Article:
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Health Problems among People with PTSD and Diabetes

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Updated October 28, 2012

Are PTSD and diabetes connected in some way? PTSD has been found to be associated with a number of different physical health problems such as heart, respiratory, digestive, and reproductory problems and disease. In addition, PTSD has also been found to be related to autoimmune diseases such as arthritis and diabetes.

PTSD and Diabetes

Studies have found that individuals with PTSD are more likely to have diabetes. The unhealthy behaviors often associated with PTSD (for example, smoking, substance use, poor eating habits) may place a person at risk for developing diabetes. In addition, among people with diabetes, the PTSD-related stress and unhealthy behaviors may negatively impact the course of a person's diabetes.

Specific Health Problems among People with PTSD and Diabetes

Researchers at the State University of New York Upstate Medical University and the VA Medical Center in Syracuse, New York, examined the specific health-related problems among people with both PTSD and diabetes. They identified 14,795 military veterans with diabetes and looked at whether or not the veterans had PTSD, depression, or other psychiatric diagnoses.

Participants were divided into four groups: people with depression and PTSD, people with PTSD but not depression, people with depression but not PTSD, people with other psychiatric diagnoses besides PTSD and depression, and people without any psychiatric diagnoses. Across these different groups, they then examined differences on a number of different health-related factors, such as glycemic control, cholesterol levels (total cholesterol, LDL, and HDL), triglycerides, weight, body mass index (BMI).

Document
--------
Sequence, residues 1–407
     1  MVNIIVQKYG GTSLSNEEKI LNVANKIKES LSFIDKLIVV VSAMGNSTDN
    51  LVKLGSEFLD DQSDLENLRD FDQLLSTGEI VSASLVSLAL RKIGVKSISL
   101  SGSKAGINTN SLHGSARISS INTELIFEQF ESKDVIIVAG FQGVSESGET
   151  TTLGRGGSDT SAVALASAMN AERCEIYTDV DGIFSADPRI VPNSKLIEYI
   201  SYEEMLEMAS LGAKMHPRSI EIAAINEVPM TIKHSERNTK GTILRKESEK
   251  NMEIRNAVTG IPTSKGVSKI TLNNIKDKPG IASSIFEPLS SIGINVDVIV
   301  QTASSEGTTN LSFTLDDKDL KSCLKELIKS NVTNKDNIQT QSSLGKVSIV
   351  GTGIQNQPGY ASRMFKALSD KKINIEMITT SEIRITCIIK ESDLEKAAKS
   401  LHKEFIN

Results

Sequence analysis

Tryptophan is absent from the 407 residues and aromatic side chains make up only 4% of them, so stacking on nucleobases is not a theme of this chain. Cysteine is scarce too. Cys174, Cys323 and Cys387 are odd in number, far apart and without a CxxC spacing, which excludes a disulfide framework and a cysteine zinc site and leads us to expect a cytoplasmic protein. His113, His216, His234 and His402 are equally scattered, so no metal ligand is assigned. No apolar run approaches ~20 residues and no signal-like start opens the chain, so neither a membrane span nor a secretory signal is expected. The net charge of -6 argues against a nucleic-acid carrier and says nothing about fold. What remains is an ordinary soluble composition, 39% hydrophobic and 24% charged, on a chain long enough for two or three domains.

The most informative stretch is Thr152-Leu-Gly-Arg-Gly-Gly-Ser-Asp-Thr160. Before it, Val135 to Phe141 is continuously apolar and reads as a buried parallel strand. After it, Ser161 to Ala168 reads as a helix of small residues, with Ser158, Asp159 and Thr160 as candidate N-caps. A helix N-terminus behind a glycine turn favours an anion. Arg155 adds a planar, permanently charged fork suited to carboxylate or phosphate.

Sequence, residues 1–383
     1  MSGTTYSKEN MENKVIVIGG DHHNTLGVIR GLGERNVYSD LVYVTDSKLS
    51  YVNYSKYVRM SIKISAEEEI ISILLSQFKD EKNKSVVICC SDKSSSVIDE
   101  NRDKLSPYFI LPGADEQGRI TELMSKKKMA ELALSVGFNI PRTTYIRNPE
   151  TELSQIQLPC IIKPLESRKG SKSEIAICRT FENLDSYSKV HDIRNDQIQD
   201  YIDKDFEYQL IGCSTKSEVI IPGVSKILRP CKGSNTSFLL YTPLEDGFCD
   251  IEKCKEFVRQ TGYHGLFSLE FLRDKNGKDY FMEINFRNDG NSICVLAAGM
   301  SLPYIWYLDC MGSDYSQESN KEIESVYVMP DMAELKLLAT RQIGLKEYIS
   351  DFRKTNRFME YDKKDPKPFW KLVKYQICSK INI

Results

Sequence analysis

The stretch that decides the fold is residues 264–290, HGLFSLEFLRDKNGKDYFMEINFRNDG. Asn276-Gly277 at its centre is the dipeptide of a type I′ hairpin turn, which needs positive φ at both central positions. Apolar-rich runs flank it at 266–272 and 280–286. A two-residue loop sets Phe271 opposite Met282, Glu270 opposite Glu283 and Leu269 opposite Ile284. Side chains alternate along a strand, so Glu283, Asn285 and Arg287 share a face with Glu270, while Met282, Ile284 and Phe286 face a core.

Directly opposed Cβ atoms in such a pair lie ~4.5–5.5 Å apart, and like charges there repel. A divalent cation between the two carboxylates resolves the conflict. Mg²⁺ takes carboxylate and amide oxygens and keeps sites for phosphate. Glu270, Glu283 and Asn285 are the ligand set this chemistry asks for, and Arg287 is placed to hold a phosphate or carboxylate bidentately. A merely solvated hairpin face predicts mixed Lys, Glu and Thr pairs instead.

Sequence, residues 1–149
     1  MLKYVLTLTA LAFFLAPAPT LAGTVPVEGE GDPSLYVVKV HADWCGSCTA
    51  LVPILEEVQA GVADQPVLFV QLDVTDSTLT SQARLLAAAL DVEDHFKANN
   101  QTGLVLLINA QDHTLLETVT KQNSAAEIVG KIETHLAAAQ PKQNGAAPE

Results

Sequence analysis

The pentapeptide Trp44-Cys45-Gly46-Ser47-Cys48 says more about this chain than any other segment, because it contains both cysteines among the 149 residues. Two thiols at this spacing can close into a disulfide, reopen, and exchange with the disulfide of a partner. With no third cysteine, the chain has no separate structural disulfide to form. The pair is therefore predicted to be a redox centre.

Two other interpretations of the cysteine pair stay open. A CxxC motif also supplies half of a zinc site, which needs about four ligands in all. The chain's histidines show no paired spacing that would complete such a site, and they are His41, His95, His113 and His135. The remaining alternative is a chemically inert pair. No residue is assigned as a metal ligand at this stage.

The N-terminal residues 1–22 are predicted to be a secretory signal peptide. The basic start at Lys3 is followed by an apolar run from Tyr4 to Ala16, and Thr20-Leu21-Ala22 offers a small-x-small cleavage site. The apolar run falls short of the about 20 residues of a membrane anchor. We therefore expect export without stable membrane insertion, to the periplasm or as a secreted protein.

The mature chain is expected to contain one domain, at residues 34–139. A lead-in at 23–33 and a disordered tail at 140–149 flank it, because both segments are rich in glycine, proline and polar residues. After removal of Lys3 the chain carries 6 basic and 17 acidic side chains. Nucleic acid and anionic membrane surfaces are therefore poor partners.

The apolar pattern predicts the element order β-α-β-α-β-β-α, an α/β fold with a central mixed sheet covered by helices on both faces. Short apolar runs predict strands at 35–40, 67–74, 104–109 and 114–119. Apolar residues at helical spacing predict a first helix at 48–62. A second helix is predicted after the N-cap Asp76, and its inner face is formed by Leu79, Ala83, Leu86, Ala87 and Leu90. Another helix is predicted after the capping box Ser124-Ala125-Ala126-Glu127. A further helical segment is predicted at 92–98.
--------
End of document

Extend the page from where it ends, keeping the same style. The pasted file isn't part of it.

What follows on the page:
The researchers found that compared to other groups, people with both PTSD and depression:

  • had worse total cholesterol levels and LDL

  • had higher triglyceride levels

  • weighed more

  • had a higher BMI.

In regard to glycemic control, however, people with only depression had poorer glycemic control than people with PTSD or both PTSD and depression.

Improving Your Physical and Mental Health

PTSD and related conditions like depression can have a major impact on a person's health, and people with a pre-existing medical conditions, such as diabetes, who have PTSD and/or depression may be particularly at risk for health problems. If you have diabetes and PTSD, make sure that you take steps to effectively manage your diabetes, in addition to getting treatment for your PTSD.

Sources:

Goodwin, R.D., & Davidson, J.R. (2005). Self-reported diabetes and posttraumatic stress disordera mong adults in the community. Preventive Medicine, 40, 570-574.

Green, B.L., & Kimerling, R. (2004). Trauma, PTSD, and health status. In P.P. Schurr & B.L. Green (Eds.), Physical health consequences of exposure to extreme stress (pp. 13-42). Washington DC: American Psychological Association.

Trief, P.M., Ouimette, P., Wade, M., Shanahan, P., & Weinstock, R.S. (2006). Post-traumatic stress disorder and diabetes: Co-morbidity and outcomes in a male veterans sample. Journal of Behavioral Medicine, 29, 411-418.

Weisberg, R.B., Bruce, S.E., Machan, J.T., Kessler, R.C., Culpepper, L., & Keller, M.B. (2002). Nonpsychiatric illness among primary care patients with trauma histories and posttraumatic stress disorder. Psychiatric Services, 53, 848-854.

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